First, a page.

Why Japan's Crazy World War II Kamikaze Suicide Torpedoes Never 'Hit the Target'

By 1944, Japan was facing defeat in Pacific War. It had lost the technological edge it possessed over U.S. ships and aircraft in 1941 and 42, and a great portion of its veteran pilots and seamen had perished in the Battles of Midway and the Solomon Islands. Unable to train quality replacement crews for its outgunned forces, the Japanese military began forming shimbu-tai (special attack units) to launch suicide attacks on Allied ships.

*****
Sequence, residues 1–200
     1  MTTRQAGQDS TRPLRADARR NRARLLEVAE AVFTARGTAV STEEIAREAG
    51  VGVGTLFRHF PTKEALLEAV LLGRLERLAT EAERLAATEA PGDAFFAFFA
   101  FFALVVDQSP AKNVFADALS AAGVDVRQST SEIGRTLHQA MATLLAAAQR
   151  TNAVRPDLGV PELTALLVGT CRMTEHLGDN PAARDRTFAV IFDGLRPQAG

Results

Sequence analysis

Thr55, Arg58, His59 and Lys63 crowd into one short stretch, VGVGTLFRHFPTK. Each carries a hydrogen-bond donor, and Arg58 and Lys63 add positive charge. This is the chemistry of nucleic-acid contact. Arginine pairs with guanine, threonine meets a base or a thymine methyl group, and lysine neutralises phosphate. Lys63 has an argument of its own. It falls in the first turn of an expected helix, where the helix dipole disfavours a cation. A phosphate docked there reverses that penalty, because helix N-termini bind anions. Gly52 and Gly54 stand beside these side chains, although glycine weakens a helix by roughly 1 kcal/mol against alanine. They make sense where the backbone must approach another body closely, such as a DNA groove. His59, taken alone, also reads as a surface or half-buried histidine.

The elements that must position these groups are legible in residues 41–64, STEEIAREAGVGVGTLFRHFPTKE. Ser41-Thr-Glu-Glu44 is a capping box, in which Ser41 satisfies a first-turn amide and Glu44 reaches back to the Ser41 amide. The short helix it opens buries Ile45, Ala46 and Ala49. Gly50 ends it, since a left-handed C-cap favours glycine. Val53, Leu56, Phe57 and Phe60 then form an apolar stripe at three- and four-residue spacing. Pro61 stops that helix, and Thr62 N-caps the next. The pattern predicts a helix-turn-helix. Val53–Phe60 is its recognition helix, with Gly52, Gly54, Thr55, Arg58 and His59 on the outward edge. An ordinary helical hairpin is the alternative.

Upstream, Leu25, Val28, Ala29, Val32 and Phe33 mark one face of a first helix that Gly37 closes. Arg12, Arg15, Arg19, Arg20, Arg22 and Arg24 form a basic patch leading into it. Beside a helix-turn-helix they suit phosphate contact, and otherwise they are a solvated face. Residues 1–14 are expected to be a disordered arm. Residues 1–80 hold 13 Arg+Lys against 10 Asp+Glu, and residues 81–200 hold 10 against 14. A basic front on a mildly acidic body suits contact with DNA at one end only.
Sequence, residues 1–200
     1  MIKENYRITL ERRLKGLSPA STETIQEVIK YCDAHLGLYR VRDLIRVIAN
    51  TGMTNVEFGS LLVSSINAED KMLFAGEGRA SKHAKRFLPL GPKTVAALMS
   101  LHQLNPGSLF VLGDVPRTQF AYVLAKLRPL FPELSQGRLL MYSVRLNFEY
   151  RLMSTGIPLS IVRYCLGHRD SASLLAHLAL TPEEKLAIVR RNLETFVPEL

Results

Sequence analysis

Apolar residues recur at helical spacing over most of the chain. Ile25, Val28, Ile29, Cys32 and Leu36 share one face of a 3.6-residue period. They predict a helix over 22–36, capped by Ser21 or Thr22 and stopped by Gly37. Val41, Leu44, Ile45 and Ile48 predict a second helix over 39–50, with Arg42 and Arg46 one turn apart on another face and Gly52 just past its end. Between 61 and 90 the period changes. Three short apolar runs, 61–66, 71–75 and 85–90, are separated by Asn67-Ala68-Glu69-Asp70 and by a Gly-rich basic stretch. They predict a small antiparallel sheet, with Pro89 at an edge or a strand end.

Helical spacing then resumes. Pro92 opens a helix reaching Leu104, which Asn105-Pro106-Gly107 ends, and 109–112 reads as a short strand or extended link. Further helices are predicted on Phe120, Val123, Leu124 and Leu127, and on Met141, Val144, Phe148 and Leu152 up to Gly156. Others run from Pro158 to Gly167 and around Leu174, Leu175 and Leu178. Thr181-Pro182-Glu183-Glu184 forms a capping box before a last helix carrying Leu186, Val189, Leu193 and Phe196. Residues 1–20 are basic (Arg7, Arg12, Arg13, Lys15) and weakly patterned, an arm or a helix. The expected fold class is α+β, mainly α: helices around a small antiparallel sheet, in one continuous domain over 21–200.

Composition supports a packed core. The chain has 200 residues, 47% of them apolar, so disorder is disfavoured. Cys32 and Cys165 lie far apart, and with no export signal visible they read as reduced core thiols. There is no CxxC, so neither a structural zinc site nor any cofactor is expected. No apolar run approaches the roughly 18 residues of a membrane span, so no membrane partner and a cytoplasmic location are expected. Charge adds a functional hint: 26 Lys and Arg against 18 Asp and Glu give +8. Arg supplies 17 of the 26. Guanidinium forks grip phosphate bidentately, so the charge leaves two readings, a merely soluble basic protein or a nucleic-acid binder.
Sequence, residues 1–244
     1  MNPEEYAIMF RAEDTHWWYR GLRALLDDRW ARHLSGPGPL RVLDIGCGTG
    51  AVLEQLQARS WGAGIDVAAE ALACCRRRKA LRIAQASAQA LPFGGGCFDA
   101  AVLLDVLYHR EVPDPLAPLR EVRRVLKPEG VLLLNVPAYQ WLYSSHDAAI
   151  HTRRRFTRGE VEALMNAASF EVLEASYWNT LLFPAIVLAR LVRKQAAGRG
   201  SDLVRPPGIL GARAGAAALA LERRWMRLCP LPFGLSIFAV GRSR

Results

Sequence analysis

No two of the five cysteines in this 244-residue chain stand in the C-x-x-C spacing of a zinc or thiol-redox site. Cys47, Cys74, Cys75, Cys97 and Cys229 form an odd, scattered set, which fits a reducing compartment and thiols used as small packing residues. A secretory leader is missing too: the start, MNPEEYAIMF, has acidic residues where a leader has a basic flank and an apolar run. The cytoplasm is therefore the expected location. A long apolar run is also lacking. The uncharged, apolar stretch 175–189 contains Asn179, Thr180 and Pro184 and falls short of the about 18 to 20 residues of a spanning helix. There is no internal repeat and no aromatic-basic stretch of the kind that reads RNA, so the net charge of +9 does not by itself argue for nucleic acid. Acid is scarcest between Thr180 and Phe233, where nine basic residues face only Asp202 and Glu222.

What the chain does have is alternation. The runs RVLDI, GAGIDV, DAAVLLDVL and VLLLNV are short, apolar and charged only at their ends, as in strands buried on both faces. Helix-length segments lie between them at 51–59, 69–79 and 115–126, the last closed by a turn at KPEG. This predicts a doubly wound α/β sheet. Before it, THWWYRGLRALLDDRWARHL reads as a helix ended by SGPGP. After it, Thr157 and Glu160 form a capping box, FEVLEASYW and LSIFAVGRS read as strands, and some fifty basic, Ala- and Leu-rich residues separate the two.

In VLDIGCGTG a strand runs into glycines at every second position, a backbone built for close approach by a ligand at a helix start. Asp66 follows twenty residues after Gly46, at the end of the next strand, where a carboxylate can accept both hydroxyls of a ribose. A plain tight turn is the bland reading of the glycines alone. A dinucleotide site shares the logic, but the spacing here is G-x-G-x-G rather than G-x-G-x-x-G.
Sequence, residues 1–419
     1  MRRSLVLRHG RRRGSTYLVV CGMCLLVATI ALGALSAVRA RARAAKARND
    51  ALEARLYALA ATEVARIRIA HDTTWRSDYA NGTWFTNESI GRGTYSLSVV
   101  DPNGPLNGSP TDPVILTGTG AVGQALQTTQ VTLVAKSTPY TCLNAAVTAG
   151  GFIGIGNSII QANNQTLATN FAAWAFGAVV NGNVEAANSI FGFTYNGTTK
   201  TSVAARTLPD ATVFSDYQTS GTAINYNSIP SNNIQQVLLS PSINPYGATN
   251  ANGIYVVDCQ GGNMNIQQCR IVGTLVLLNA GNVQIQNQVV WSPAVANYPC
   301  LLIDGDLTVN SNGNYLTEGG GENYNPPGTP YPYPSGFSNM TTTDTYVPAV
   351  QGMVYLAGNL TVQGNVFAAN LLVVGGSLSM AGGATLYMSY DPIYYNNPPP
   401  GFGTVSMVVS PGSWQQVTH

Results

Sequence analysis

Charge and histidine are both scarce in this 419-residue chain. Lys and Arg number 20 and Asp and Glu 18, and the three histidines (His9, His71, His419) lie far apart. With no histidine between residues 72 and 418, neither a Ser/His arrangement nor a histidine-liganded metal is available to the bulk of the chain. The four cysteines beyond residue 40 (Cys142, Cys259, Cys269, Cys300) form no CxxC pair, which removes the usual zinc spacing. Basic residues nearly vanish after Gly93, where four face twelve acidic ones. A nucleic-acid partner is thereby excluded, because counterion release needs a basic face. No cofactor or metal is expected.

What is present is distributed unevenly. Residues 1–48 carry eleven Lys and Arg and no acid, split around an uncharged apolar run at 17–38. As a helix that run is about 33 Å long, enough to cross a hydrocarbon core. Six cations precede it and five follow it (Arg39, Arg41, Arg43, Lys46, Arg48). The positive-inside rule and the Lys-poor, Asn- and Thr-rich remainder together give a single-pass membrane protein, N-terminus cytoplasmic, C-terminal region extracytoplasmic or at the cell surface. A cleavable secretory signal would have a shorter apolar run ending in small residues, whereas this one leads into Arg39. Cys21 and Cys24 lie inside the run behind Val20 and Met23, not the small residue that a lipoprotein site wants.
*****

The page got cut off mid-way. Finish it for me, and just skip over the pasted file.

Northrop Grumman Has Some Serious Plans for America's AEGIS Missile Defense System

The Navy is accelerating work on an emerging multi-function phased array radar able to perform multiple functions simultaneously and perform automatic tracking and detection.

The Navy’s AN/SPY-1 can also track more than 100 targets, developers said.

The maritime weapons system received another financial boost yesterday when the Navy awarded Northrop Grumman a $15 million contract to support the Aegis combat system. Services include engineering, computer programming, and other post-event analyses for the numerous ships that sport Aegis.